Yes, there are some restrictions on the sandboxed solution, but don’t fret: You can access many developer scenarios that will result in interesting SharePoint solutions. For example, the SharePoint client object model can be called from JavaScript, from Silverlight, and from the .NET Framework. Thus, by using just JavaScript and Silverlight, your custom development possibilities open up considerably to solutions that are built and deployed in the cloud. For example, you can begin to use jQuery and the SharePoint client object model to interact with lists and libraries, and you can also leverage the power of the SharePoint ECMAScript object model. Think about updating a view of a financial model by using JavaScript, jQuery, and Excel Services! The point is that you shouldn’t feel as though the cloud unnecessarily restricts the creation of rich solutions.


Client Object Model and Silverlight

For Silverlight, your opportunity for custom development opens up even more: Not only can you integrate Web service calls into your application (and deploy them to SharePoint Online), you can also leverage the client object model and integrate cloud-based services such as Azure or Bing Maps into your application. For example, you can use the client object model to load the list that we created earlier named Store Information. The list contains information about the store; but what is necessary for Bing Maps is the Longitude and Latitude values so that a pushpin object can be created. You can see in the GetListData method in Listing 2 that you’re retrieving the items from the list, then calling the ExecuteQueryAsync method. In the OnStoreRequestSucceeded event, on the other hand, you call the FillStorelist method. By populating a list collection with data from the SharePoint list, you can then use that list collection to create a set of pushpin objects that are specific to the Bing Maps API.

The result of the integration between Silverlight, SharePoint, and Bing maps provides a way to dynamically map objects on a map. Not only can you programmatically populate the list in SharePoint Online, but you can also retrieve the data and plot by using Bing Maps. Figure 2 shows this integration after the code has been deployed to SharePoint Online by using the built-in Silverlight Web Part. (For a more complete walkthrough of the Bing Maps sample, visit

Your ability to leverage Silverlight as, in some sense, an intermediary and then use it to call services helps expand your options. Furthermore, the client object model enables you to interact, in both a read and write capacity, with your SharePoint lists. Here again, you’ll be able to create some interesting applications.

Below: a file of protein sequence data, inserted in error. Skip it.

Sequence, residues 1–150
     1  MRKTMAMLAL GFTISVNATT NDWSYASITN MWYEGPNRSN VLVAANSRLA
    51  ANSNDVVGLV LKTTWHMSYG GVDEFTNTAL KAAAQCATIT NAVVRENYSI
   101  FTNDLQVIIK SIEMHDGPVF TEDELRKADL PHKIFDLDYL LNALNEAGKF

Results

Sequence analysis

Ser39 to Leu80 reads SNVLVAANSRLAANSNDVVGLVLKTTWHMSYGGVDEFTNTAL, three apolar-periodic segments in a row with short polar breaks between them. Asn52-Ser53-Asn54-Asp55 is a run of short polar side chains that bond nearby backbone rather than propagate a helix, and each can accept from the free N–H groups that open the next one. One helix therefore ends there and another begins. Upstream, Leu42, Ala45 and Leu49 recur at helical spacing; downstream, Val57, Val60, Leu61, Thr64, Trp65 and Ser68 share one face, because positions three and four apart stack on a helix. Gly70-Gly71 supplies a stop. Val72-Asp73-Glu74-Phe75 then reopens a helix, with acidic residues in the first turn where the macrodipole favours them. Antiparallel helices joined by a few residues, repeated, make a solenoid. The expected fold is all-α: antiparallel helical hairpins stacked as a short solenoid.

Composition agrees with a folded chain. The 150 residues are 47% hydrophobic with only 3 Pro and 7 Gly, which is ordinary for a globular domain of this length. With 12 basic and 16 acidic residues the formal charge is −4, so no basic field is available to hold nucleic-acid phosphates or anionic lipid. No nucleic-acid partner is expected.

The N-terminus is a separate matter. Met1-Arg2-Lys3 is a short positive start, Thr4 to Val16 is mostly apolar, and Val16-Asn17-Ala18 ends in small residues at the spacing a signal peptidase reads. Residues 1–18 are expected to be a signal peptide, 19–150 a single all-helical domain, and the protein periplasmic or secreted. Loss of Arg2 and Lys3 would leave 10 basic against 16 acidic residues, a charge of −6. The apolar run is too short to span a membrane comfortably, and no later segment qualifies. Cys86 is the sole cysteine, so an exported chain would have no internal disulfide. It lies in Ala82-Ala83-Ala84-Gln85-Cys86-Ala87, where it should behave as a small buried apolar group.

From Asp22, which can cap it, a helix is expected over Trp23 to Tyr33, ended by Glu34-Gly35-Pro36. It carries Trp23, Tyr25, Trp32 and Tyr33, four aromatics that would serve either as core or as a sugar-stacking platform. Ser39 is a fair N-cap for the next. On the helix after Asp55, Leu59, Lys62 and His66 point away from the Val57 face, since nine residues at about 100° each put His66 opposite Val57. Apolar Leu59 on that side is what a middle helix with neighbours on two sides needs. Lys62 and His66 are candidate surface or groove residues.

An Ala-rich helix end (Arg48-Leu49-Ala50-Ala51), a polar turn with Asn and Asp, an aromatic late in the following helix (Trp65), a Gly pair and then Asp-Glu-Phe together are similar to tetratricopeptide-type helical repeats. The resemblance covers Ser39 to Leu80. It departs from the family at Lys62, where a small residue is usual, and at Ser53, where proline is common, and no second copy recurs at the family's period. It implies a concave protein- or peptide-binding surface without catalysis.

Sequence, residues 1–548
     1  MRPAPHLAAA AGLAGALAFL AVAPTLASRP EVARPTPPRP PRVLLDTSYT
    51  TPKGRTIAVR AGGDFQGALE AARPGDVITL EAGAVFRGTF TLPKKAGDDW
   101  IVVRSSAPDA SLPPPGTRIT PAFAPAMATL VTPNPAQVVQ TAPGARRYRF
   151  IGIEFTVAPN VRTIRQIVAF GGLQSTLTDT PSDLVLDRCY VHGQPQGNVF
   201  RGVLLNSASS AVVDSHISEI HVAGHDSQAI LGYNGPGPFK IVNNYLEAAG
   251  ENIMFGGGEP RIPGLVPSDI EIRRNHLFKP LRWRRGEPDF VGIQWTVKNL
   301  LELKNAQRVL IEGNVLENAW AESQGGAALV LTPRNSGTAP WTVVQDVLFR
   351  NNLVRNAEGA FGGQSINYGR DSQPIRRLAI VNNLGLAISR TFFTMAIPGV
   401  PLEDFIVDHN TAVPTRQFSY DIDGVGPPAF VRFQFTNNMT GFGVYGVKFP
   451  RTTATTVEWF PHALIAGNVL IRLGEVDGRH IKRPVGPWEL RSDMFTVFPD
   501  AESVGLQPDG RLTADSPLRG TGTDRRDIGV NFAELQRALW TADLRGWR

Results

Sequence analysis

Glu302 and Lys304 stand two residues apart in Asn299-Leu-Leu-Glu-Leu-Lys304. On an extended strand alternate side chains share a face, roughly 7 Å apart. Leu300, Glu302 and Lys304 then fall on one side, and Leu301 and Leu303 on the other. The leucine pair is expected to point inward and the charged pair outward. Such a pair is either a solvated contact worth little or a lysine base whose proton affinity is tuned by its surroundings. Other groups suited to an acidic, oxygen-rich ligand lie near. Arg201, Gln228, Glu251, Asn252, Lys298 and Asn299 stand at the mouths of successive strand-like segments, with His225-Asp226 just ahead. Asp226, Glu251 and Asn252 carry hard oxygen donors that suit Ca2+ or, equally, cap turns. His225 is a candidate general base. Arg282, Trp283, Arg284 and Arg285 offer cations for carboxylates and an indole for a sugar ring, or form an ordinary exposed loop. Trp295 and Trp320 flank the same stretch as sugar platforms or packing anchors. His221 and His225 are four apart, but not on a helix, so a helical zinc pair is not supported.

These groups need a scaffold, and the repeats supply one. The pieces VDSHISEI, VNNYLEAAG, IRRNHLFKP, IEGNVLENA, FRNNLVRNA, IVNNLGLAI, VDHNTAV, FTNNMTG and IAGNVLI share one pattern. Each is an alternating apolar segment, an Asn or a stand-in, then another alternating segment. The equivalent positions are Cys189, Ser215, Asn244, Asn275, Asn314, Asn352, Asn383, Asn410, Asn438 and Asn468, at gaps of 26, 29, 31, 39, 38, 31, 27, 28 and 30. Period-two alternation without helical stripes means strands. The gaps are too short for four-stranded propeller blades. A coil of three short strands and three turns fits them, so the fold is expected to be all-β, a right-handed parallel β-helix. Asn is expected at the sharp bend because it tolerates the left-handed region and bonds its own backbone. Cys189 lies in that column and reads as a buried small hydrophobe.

To learn more about SharePoint and about how to develop in the cloud, check out my blog, You can also check out these other resources for Office 365 and SharePoint development:

•     Office 365 website,

•     Chris Mayo’s blog,

•     The SharePoint Online Developer Guide,


A World of Opportunity

The paradigm for developing in the cloud is a shift from on-premises development. But developers have many opportunities in this new environment. Developing for SharePoint cuts across the out-of-the-box functionality to SharePoint Designer and, ultimately, to Visual Studio 2010. And by combining the client object model with sandboxed Web Parts or with Silverlight, you can build very interesting and compelling solutions.

It's also exciting that the subscription-based offering for Office 365 comes in multiple flavors: one for small business, one for the enterprise, and one for education. For the strategic developer, this means that you have to design applications only one time for deployment across multiple sectors.



Listing 1: Code for Adding a List Item to a List Programmatically


SPSite siteCollection = SPContext.Current.Site;
SPWeb mySite = SPContext.Current.Web;
SPListItemCollection listItems = mySite.Lists\[“Store Locations”\].Items;
SPListItem item;
item = listItems.Add();
item\["Title"\] = "1";
item\["StoreName"\] = "Contoso Seattle No.1 Store";
item\["StoreAddress"\] = "East Queen Anne Mall, Seattle, WA, , 97001";
item\["StorePhone"\] = "206-555-0195";
item\["Latitude"\] = "47.627499999999998";
item\["Longitude"\] = "-122.352";
item\["Hours"\] = "12";



Listing 2: Code for GetListData Method


        private void GetListData()\{
            using (ClientContext clientContext = new ClientContext("http://contoso"))
                web = clientContext.Web;
                var bcsListFromAzure = web.Lists.GetByTitle("Store Locations");
                CamlQuery query = new CamlQuery();
                IQueryable bcsListItems = bcsListFromAzure.GetItems(query);
                bcsList = clientContext.LoadQuery(bcsListItems);
                clientContext.ExecuteQueryAsync(OnStoresRequestSucceeded, OnRequestFailed);
        private void OnStoresRequestSucceeded(object sender, ClientRequestSucceededEventArgs e)
        private void FillStoreList()
            foreach (var x in bcsList)
                StoreDetails objStoreDetails = new StoreDetails();
                objStoreDetails.StoreName = x.FieldValues.ElementAt(3).Value.ToString();
                objStoreDetails.StoreAddress = x.FieldValues.ElementAt(4).Value.ToString();
                objStoreDetails.StorePhone = x.FieldValues.ElementAt(5).Value.ToString();
                objStoreDetails.StoreHours = x.FieldValues.ElementAt(8).Value.ToString();
                objStoreDetails.StoreLocation = new  Location(Convert.ToDouble(x.FieldValues.ElementAt(6).Value.ToString()),  Convert.ToDouble(x.FieldValues.ElementAt(7).Value.ToString()));
        private void AddStoresToMap()
            for (int i = 0; i < storeDetailsList.Count; i++)
                string description = "Store: " + storeDetailsList\[i\].StoreName
                                 + "Address: " + storeDetailsList\[i\].StoreAddress
                                 + "Phone: " + storeDetailsList\[i\].StorePhone
                                 + "Hours: " + storeDetailsList\[i\].StoreHours;
                CreatePushpin(storeDetailsList\[i\].StoreLocation, description);
        private void CreatePushpin(Location location, string description)
            Pushpin pushpin = new Pushpin();
            pushpin.Width = 22;
            pushpin.Height = 20;
            pushpin.Tag = description;
            pushpin.Location = location;
            PushpinsLayer.AddChild(pushpin, location, PositionOrigin.Center);